I love panoramas and over the years I have used various software applications to create them. Now that I am using Photoshop CS5 I really don't need any other software to create them. However, not everyone uses Photoshop so how does Photoshop Photomerge compare with other applications? I recently tried out Microsoft's ICE (Image Composite Editor) on several pictures, just to see what it could do. Without any work other than cropping, how well does ICE standup against Photoshop CS5? I picked two pictures that I took in South Africa in front of the Breakers Resort at Umhlanga Beach. The reason I picked the two photos is because of the 5 fountains that I could use to help understand what was used from each picture. Note: If you use Photoshop, you can see exactly how the picture was stitched. I did nothing other than to drop them into each application using the automatic features of the applications to see how well each one handled the stitching function. Since the ICE application is a free download it doesn't have to be perfect to have great value. What I discovered was that ICE did a great job with the pictures that I selected, with the benefit that it is free. Let's take a look at the results.
So here are the two pictures that I started out with. My sister-in-law is standing in front of the resort and I took her picture. However I couldn't get the full name on the wall so I took a second picture of just the Breakers Resort name by itself.
I dropped the above two pictures into ICE and the result was almost perfect.
Notice the shadow from the roof has a slight shift where the picture was stitched together. [/color-box]
Now let's look at the results using Photoshop CS5 Photomerge.
Note that both applications stitched the photographs together almost exactly the same. The left 2 fountains are from the left picture and the other fountains are from the right picture. There are three barriers that can be seen in the foreground. The middle barrier is from the left picture in both examples. The "Breakers Resort" is from the right picture. Notice the roof line shadow is different thought. In the Microsoft ICE software the shadow from the left picture is lower than the shadow from the right picture. In the Photoshop CS5 version the shadow from the left picture is slightly higher than the shadow from the right picture, and it is in a different location. So Photoshop did a little better in the shadow area of the picture. However, the big difference is in the amount of data Photoshop was able to keep as compared to ICE. To do the stitching in ICE the left picture has more zoom applied to it than the right picture. Photoshop was able to keep more data from both pictures and did a slightly better stitch as well.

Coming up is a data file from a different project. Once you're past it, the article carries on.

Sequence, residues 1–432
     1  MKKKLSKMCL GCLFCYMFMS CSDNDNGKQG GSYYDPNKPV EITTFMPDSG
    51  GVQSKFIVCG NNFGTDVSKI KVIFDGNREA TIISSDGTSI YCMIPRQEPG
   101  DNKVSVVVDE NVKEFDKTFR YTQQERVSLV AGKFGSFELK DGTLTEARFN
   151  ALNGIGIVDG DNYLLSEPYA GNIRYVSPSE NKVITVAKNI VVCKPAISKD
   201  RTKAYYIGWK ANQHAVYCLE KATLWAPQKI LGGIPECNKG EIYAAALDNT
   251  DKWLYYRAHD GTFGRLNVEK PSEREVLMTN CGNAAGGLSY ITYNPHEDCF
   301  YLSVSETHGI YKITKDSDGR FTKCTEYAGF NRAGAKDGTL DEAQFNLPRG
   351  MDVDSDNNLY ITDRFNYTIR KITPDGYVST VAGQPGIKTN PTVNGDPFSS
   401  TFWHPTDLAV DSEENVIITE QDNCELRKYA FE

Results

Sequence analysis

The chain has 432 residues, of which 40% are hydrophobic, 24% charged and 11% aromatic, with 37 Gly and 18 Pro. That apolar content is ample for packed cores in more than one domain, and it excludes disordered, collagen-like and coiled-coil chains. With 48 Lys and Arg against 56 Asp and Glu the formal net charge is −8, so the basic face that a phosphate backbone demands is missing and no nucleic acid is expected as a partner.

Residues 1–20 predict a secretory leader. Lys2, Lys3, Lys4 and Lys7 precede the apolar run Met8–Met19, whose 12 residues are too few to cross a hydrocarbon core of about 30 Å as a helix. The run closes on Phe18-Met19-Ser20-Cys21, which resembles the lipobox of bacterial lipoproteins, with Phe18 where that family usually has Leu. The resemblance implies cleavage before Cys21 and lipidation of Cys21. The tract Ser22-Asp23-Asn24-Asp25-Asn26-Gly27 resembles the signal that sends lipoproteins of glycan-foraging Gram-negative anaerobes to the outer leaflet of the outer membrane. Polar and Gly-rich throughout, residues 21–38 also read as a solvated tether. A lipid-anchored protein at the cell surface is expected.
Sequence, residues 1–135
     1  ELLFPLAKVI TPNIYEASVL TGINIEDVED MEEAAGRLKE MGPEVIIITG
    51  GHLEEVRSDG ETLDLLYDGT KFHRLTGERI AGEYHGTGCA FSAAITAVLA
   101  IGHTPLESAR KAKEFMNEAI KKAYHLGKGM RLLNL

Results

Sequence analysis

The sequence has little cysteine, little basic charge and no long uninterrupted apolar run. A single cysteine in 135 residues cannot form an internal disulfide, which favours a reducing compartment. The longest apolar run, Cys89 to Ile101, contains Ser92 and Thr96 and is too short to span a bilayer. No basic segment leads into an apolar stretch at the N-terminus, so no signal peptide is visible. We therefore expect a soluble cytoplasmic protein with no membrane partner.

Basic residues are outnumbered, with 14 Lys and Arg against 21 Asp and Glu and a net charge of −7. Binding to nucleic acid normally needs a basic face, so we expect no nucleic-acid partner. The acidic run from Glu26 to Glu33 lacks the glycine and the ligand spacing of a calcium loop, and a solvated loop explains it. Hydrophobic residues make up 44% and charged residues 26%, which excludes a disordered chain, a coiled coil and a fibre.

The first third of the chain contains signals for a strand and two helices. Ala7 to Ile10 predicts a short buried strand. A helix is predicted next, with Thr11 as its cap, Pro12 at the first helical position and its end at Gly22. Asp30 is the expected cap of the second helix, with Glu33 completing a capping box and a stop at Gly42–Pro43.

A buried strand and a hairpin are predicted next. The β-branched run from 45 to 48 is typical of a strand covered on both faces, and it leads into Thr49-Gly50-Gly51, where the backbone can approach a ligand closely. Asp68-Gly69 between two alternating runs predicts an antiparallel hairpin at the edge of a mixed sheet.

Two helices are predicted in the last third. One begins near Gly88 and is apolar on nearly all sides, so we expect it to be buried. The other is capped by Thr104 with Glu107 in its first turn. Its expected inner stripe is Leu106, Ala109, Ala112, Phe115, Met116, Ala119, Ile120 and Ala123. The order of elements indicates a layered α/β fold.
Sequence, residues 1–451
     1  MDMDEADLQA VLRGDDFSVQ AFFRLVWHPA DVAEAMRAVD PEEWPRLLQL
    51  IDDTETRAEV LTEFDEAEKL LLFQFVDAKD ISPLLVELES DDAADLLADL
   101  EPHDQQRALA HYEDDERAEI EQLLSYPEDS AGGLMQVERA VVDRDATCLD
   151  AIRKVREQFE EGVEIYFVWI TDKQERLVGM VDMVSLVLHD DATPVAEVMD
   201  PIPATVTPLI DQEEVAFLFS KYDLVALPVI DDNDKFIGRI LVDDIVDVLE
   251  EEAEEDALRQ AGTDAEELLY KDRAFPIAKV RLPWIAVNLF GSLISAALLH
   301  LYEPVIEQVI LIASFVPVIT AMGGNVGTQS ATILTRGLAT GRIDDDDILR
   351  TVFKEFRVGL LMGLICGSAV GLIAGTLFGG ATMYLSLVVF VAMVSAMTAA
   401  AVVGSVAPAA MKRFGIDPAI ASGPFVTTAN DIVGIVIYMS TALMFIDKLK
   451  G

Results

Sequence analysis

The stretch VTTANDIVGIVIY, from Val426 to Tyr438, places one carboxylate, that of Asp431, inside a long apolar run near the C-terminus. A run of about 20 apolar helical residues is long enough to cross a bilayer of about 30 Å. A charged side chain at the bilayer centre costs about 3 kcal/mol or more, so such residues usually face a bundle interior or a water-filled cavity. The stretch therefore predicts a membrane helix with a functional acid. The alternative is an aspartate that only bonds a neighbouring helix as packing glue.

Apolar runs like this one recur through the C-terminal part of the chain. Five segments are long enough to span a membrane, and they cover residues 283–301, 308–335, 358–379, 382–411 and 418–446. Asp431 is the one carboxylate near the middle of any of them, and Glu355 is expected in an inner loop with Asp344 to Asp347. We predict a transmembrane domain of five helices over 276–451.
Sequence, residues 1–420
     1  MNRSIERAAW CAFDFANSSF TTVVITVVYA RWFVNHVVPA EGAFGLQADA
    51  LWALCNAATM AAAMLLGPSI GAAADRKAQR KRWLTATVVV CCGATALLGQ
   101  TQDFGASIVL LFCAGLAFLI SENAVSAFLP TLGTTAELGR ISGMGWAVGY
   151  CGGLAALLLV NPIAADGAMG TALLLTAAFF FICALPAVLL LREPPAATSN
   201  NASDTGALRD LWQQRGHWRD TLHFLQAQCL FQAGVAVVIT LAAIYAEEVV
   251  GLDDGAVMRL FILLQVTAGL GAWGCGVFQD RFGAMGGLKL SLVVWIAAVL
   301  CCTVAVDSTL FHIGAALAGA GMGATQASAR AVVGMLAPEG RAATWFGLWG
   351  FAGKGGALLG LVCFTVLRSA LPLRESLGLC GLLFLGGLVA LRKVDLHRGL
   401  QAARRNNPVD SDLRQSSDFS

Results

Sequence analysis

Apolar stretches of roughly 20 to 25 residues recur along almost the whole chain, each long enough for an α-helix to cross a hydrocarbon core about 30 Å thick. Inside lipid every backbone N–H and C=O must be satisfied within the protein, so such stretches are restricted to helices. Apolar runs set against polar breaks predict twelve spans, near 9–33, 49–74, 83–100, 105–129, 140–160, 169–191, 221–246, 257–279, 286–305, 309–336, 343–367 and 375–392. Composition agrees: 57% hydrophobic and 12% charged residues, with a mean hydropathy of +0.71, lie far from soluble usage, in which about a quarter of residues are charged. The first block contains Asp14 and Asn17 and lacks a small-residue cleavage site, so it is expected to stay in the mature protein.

But is this a fair comparison? Could ICE do better? I decided to try to use the other stitch options that ICE provided. Using the Automatic feature it used "Planar Motion 3". I decided to try other camera motion options provided, and I found that the automatic feature did indeed select the best setting. This is a very high level compare of the two products and of course Photoshop allows me to do a lot more with the picture once I have created it. Using ICE you may need to go to your photo editing program of choice and get more creative.
The above CS5 examples were created with "Blend Images Together" checked. Let's take a look at the results of a photomerge without checking "Blend Images Together.
The results were cropped based on the usable image created. Notice the shadow of the roof line has been resolved and the objects used from each of the pictures has changed. The stitching no longer takes into account shadows or color matching. Since the two images are almost identical in exposure and color, turning off blending in this case produces good results, but a small amount data from each picture is lost compared to the CS5 blended version, but still more data than the ICE version.
Just for fun I selected the Geometric Distortion Correction in CS5 to see what the results would be.
I love panoramas because they really help the viewer better understand the environment where the picture was taken. A picture of sand could be a beach or a sandbox, maybe it is quicksand! Help the viewer understand what they are seeing by providing a perspective. Remember to think panorama the next time you go out to take photographs. Make sure your photos overlap by as much as 40%. Too much or too little overlap will prevent the automated panoramic features from performing the stitch. Remember to that GPS GEO tagging can add an even higher level to the viewers perspective!